"Ed" hires "Joe" as a driver, but "Lana" convinces her husband to make him traffic manager instead. So "Joe" will be near her, but he still spurns her advances.
"Paul" is given a job as a dispatcher by his brother at what is now "Lana's" business. However, she flips out after learning "Joe" plans to marry "Cassie".
The screenplay was partly from the novel's author W.R. Burnett. However, it was Bogart's drinking buddy, John Huston, who actually wrote it. As a writer, Huston, had worked on Bela Lugosi's, 1932, "Murder in the Rue Morgue", the Bette Davis and Henry Fonda, 1938, "Jezebel", and the Bette Davis, 1939, "Juarez. Immediately after this screenplay, John Huston wrote Gary Cooper's, 1941, "Sergeant York", and his own, 1941, "The Maltese Falcon".
Ida Lupino portrayed "Marie Garson".
The three are, "Louis Mendoza", played by Cornel Wilde in his first credited role, the clerk for the hotel. Along with, "Red Hattery", played by Arthur Kennedy in his second motion picture, and, "Babe Kozak", played by "B" actor Alan Curtis, who had been acting since 1936 without role credit.
When "Roy" arrives at the logging camp, he finds that "Babe" has brought a dance hall girl from San Francisco, named "Marie". "Roy Earle" tells her to leave and go back to Los Angeles, they argue, and he agrees she can stay.
"Algernon", played by Willie Best, the handyman introduces "Roy" to a dog called "Pard", played by Bogart's own dog, Zero, that the gangster adopts.
Above, Elizabeth Risdon as "Ma", and Joan Leslie.
"Roy" falls for "Velma" on sight, and pays for the surgery to fix her foot, but ignores her grandfather warning that she is engaged and loves that man deeply. "Roy" asks "Velma" to marry him, but she responds that she is devoted to her fiancé, "Lon Presier", played by John Eldredge.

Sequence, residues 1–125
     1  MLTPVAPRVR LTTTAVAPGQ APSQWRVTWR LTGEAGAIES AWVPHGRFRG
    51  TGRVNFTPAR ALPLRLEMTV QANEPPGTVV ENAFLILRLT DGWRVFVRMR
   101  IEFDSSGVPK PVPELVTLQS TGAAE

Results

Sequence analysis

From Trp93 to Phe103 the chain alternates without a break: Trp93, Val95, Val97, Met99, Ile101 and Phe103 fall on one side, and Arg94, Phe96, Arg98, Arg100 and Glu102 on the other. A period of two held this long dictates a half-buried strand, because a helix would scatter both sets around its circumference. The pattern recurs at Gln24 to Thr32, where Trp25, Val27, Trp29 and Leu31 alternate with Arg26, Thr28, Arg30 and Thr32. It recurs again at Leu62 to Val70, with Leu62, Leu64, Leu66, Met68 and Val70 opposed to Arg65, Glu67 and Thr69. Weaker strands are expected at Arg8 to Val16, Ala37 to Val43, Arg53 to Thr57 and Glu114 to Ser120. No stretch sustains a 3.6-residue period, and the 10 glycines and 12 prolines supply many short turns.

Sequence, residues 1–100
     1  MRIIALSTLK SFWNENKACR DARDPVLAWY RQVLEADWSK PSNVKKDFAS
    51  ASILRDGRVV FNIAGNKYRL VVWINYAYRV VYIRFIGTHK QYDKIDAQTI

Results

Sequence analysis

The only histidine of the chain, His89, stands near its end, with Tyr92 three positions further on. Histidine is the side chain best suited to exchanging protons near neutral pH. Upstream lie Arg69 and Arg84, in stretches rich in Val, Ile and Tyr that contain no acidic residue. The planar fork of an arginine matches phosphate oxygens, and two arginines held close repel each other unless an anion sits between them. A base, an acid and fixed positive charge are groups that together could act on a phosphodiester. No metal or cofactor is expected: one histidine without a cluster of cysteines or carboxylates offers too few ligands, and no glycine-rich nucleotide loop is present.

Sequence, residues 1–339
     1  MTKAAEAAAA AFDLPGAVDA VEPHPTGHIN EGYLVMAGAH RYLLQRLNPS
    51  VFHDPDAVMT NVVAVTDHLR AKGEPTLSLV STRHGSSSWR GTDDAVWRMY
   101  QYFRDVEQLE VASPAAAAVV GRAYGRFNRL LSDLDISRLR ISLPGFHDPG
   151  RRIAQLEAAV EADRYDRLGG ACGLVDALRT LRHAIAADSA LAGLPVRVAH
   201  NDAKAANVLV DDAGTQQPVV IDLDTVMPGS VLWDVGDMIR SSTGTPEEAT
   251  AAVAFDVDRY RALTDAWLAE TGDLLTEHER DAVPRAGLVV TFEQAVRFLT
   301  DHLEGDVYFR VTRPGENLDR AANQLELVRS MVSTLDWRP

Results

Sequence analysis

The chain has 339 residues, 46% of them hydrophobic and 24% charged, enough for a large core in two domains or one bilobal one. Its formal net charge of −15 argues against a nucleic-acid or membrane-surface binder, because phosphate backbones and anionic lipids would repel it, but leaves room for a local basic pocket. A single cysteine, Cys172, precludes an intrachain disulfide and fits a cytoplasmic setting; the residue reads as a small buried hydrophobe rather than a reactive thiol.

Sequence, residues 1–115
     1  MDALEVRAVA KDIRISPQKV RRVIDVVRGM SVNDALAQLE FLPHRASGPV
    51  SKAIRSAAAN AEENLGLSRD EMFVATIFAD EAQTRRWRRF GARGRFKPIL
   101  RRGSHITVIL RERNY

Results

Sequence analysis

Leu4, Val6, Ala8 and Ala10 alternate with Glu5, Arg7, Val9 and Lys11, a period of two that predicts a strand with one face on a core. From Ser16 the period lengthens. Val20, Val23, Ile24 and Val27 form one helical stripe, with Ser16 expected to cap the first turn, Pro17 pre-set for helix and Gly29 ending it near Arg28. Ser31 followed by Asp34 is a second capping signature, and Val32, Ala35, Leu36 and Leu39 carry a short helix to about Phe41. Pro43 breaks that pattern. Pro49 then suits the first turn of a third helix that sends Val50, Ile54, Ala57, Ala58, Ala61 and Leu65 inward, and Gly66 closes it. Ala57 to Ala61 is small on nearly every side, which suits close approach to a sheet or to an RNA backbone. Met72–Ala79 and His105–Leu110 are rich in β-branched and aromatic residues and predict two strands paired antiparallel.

As the seemingly smooth heist is in progress and the four men get the jewels held in the hotels safe, a security guard appears, and everything starts to fall apart. "Roy" and "Marie" make their escape with the jewels, but "Babe" and "Red" die in a car crash and "Mendoza" is captured by the police.
Back in "Tropico Springs", "Roy" visits "Velma" for one last time, having promised to see her walk.
The motion picture was directed by Michael Curtiz. Curtiz started directing in his native Hungary and also in Germany during 1912. Among his major American films prior to this one are, Al Jolson's, 1930, "Mammy", both the first two all Technicolor horror films starring Fay Wray, 1932's, "Dr. X", and, 1933's, "Mystery of the Wax Museum", the 1932, Spencer Tracy and Bette Davis, "20,000 Years in Sing Sing", the Errol Flynn and Olivia de Havilland, 1935, "Captain Blood", their 1936, "The Charge of the Light Brigade", and their, 1939, "The Adventures of Robin Hood".